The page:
Criteria for Deliria?!
Wisteria - Wisteria sinensis and Wisteria floribunda
Contact: Michael Ellis, M-NCPPC | Michael.Ellis@pgparks.com
ANNAPOLIS, MD (March 01, 2016) - Spring is nearly here! Landscapes across Maryland will be covered in beautiful blooms of all kinds. But invasive wisteria species really take that concept to the next level, climbing to the tops of some of Maryland's tallest trees, smothering and choking out other plants. Maryland Department of Agriculture recently published proposed regulations regarding the sale of three forms of invasive wisterias and five other invasive plant species within the state. These proposals came as a result of the ongoing Weed Risk Assessment (WRA) process being conducted by Maryland's Invasive Plant Advisory Committee, which determined that planting of non-native Chinese and Japanese wisterias (and their hybrid) is likely to cause environmental harm in the state. For these reasons, the Maryland Invasive Species Council (MISC) has chosen both Chinese wisteria (Wisteria sinensis) and Japanese wisteria (Wisteria floribunda) as the March "Invaders of the Month."
The year 2016 also marks the bicentennial introduction of non-native wisterias into the United States. Chinese wisteria was brought to the US from China in 1816 for horticultural purposes, followed by Japanese wisteria in 1830. With attractive, pleasantly scented flowers, non-native wisterias continue to be popular additions to landscapes and gardens across the region. Wisteria species tend to prefer moist ground, are shade tolerant, and are found with the greatest abundance in the Southeast. As of February 2016, 27 states and the District of Columbia had reports of one or both of these invasive wisteria species. (EDDMapS.org). Keep an eye out for these plants, which may start blooming in the Mid-Atlantic as early as late March and into late April.
Wisterias are woody, twining vines, with stout gray-brown stems, often with fine white hairs. The leaves are alternate and compound, and can be almost a foot long with wavy-edged leaflets, 7-13 in Chinese wisteria, and 13-19 in Japanese wisteria. Wisteria flowers are lavender to blue-purple, borne in pendulous clusters 4 to 20 inches long and 3 or 4 inches across. In Chinese wisteria, all the flowers in a cluster bloom at the same time. Japanese wisteria flowers are "indeterminate," which means the lower flowers in the cluster open first, and blooming progresses along the cluster from base to tip. Wisteria fruits look a bit like large, brown velvet lima bean pods. They are 4-6 inches long, narrow to a point at both ends, and are constricted around each of the 1-8 seeds.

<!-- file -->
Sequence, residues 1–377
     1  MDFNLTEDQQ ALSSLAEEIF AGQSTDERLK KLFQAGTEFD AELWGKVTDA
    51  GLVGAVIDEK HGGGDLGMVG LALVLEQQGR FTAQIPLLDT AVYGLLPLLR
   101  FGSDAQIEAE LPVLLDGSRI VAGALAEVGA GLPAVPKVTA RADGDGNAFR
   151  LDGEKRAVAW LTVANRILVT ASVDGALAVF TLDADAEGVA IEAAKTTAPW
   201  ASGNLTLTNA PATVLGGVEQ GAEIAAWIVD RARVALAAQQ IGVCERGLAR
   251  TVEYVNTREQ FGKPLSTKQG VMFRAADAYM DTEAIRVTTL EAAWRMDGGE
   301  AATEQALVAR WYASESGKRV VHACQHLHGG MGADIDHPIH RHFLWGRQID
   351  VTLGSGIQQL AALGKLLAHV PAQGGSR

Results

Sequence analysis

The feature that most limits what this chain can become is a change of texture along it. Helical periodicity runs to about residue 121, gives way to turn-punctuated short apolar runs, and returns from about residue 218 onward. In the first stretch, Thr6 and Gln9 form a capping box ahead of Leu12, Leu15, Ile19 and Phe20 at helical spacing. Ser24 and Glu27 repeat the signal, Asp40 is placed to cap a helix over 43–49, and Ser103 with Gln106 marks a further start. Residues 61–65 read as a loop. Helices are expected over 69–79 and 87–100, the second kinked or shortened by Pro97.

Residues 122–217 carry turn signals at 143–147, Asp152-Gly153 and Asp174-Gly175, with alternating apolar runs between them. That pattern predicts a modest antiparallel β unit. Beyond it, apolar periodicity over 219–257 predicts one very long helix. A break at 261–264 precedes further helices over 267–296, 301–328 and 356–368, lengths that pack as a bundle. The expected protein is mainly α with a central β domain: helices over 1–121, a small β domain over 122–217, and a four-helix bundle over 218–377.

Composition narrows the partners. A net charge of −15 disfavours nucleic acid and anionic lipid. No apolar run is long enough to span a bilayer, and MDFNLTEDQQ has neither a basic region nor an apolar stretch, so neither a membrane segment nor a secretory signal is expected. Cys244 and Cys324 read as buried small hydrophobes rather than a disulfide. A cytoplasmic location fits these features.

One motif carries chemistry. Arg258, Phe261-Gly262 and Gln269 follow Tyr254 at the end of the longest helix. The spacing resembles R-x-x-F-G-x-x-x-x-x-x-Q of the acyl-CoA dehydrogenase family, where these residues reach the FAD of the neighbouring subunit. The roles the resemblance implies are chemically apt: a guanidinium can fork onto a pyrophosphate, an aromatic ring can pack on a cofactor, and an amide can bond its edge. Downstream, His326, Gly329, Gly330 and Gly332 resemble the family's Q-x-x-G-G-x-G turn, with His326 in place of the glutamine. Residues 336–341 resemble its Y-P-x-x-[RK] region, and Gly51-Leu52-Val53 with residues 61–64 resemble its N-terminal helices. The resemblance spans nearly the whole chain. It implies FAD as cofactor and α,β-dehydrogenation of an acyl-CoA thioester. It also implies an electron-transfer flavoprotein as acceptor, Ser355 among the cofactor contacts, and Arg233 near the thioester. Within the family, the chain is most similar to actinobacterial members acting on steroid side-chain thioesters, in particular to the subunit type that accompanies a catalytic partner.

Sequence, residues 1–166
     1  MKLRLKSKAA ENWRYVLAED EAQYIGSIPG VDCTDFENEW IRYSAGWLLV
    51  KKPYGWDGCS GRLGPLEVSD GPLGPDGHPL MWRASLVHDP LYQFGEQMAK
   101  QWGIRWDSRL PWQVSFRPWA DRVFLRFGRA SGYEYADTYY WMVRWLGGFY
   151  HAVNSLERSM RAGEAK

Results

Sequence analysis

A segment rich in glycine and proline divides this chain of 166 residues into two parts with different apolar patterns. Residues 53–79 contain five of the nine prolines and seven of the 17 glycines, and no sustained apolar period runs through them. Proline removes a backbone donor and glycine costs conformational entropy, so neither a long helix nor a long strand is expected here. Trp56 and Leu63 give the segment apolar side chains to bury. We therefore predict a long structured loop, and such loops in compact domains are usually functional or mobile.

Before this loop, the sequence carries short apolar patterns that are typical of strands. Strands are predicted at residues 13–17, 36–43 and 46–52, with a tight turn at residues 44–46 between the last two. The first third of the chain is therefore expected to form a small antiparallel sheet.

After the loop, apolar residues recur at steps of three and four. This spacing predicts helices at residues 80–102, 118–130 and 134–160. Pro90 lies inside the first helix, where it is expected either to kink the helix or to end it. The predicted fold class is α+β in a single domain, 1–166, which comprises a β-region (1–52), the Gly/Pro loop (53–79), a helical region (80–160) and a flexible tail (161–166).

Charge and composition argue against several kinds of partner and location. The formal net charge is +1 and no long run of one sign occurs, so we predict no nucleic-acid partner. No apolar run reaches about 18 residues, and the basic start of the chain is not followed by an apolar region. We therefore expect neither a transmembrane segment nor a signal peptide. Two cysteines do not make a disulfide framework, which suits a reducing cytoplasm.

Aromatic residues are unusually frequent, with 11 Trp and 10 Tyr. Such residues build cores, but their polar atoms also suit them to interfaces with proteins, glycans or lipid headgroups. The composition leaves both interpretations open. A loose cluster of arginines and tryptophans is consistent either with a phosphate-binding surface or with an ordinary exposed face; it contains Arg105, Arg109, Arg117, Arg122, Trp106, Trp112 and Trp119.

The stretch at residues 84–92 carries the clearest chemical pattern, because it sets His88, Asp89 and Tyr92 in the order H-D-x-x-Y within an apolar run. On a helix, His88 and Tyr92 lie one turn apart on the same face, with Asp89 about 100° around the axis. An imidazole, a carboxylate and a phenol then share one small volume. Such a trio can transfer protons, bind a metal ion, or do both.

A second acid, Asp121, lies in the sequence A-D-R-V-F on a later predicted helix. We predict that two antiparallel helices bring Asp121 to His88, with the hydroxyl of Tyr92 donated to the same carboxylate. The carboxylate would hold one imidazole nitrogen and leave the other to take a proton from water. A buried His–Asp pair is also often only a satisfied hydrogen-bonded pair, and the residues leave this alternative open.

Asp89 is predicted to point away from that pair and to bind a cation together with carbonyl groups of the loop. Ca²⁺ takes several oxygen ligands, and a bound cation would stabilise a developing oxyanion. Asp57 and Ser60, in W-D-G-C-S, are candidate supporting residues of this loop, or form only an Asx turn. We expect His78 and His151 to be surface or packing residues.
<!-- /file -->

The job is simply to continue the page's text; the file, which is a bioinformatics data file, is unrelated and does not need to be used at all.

What's so crazy about wisteria, you ask? Well, there's a lot to straighten out here. Individual wisteria plants can have a 50-year life span and reach 70 feet in height, thought to be limited by the height of the trees they climb. Each plant relies on wrapping around trees and plants to climb vertically. With time, these wrappings can become tight enough to cut through tree bark, girdling and killing limbs or entire trees. These plants use a process called circumnutation to guide stems around other structures, eventually developing an extraordinarily tight helix shape around anything they can grab onto, like a Boa constricting its prey.
In addition to physical stresses, the non-native wisterias can entirely engulf trees, blocking available sunlight until the tree is no longer able to grow. Trees lost to these stressors leave gaps in the forest canopy, allowing additional sunlight to reach the forest floor, which can stimulate the growth of dense thickets of wisteria. New vines can sprout from seed or through vegetative reproduction of existing runners.
The most common way to distinguish wisteria species is the direction of their twining. When viewed at eye level, Chinese wisteria stems ascend a tree or other support diagonally up to the right. Japanese wisteria spirals in the opposite direction, ascending diagonally up to the left. Another way to look at this is from the ground, in which case Chinese wisteria twines clockwise like the hands on a clock and Japanese wisteria twines counterclockwise. Japanese wisteria also tends to have more leaflets per leaf.
All parts of these plants contain a glycoside called wisterin which is toxic if ingested. Consuming just a small handful of seeds can cause a slew of symptoms termed "wisteria syndrome," with effects lasting up to a week. These include serious nervous system and gastrointestinal effects including delirium, confusion, dizziness, incoherent speech, sweating, headache, vomiting, and gastroenteritis.
If you must plant wisteria, consider planting the native, American wisteria (Wisteria frutescens) instead. Like Chinese wisteria, American wisteria vines twine diagonally up to the right (clockwise). To identify native wisterias, look for the smooth hairless seed pods; seed pods are pubescent and velvety on non-native wisterias. Seed pods begin to appear on wisterias soon after flowering and can sometimes persist on the vines until the following spring.
For more information about other Invasive Species of Concern in Maryland, visit the Maryland Invasive Species Council or call the Maryland Department of Agriculture at 410-841-5920.
photos available electronically on request.
For more information on the Internet:Weed Risk Assessment for Chinese and Japanese wisteria and hybrids. Maryland Department of Agriculture.
Chinese wisteria. Plant Conservation Alliance, Alien Plant Working Group.
Japanese wisteria. Plant Conservation Alliance, Alien Plant Working Group.
Wisteria floribunda, W. sinensis. USDA Forest Service.